Penny stocks are securities generally issued by small, publicly traded companies and usually trade at a price of less than $5, according to the U.S. Securities and Exchange Commission. The low price and high volatility of penny stocks makes them highly speculative investments that carry significant risk but also the potential for significant profits.
According to Jonas Elmerraji for The Street, penny stocks are often listed on special reporting services such as Over-the-Counter Bulletin Board, or OTCBB, and Pink Sheets. Penny stocks can usually be purchased through a traditional stockbroker, though the SEC requires that any broker dealing in penny stocks send a written notice to the client that warns of the elevated risk associated with such volatile instruments.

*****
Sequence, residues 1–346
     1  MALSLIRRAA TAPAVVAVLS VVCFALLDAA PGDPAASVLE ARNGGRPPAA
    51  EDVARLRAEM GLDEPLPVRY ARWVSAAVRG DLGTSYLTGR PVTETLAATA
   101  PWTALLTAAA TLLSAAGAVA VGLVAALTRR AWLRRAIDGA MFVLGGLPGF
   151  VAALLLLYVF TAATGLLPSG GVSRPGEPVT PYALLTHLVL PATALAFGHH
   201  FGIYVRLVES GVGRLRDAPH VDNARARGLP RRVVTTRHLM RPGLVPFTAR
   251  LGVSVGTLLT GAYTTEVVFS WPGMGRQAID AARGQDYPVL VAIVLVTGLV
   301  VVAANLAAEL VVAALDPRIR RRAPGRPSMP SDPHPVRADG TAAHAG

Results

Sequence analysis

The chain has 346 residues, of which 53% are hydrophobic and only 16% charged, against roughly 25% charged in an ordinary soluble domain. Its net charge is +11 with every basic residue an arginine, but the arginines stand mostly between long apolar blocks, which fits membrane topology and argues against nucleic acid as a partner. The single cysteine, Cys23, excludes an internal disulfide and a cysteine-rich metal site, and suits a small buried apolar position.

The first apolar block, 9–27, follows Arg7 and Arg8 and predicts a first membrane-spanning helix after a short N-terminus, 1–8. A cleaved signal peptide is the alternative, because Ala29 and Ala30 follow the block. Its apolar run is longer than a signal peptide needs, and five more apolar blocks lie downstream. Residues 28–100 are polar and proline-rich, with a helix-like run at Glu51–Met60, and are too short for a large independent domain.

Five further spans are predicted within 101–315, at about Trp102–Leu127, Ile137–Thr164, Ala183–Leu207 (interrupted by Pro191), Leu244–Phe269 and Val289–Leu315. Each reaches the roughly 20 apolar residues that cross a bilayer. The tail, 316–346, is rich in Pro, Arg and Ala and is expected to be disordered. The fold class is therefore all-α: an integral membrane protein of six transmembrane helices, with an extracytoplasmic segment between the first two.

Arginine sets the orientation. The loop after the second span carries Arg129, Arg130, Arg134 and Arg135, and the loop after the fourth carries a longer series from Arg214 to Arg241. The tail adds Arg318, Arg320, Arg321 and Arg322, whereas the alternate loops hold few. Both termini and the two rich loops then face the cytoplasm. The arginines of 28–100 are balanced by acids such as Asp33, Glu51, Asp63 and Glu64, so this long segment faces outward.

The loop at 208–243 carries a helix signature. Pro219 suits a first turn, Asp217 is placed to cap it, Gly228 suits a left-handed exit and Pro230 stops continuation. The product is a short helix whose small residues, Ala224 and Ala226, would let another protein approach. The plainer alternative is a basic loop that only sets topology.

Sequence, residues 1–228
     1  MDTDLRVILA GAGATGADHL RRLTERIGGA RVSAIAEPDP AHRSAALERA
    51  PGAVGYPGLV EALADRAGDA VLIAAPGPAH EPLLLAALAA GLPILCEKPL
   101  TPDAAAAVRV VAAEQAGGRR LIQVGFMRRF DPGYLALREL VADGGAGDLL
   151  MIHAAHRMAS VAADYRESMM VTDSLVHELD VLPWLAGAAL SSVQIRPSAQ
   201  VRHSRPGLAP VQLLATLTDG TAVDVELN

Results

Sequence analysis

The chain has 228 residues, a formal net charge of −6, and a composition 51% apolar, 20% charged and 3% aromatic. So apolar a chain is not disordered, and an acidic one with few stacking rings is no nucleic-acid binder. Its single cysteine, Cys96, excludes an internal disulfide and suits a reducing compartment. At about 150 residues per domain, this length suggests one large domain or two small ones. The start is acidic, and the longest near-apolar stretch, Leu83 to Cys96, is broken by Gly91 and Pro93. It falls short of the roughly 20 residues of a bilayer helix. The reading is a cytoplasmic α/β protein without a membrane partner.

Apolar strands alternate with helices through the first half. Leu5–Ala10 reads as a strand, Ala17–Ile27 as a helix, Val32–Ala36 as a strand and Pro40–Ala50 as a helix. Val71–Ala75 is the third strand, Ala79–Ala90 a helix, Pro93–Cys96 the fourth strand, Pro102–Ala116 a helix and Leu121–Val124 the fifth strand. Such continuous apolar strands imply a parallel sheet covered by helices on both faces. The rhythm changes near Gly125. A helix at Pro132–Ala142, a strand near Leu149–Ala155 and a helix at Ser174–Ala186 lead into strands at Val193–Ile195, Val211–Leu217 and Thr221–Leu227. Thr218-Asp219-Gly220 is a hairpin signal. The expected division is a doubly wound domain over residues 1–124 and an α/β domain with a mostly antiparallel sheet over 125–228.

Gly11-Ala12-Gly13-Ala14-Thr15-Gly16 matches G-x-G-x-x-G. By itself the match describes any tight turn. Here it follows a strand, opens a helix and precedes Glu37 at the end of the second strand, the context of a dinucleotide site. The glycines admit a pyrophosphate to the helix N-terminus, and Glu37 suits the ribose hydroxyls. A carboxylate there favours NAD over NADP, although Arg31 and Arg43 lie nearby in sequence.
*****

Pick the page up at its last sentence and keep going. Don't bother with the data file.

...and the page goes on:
Of special concern is the unique difficulty analysts face in trying to price penny stocks. Since many companies that trade in penny stocks have low investment caps and limited shares available for public trading, it can be difficult to develop an accurate picture of a stock's true market value until after the investor buys into it, notes Elmerraji. The inherent danger in such a system is that investors can easily buy large amounts of overvalued stock and suffer serious losses, which is why penny stocks receive close regulation.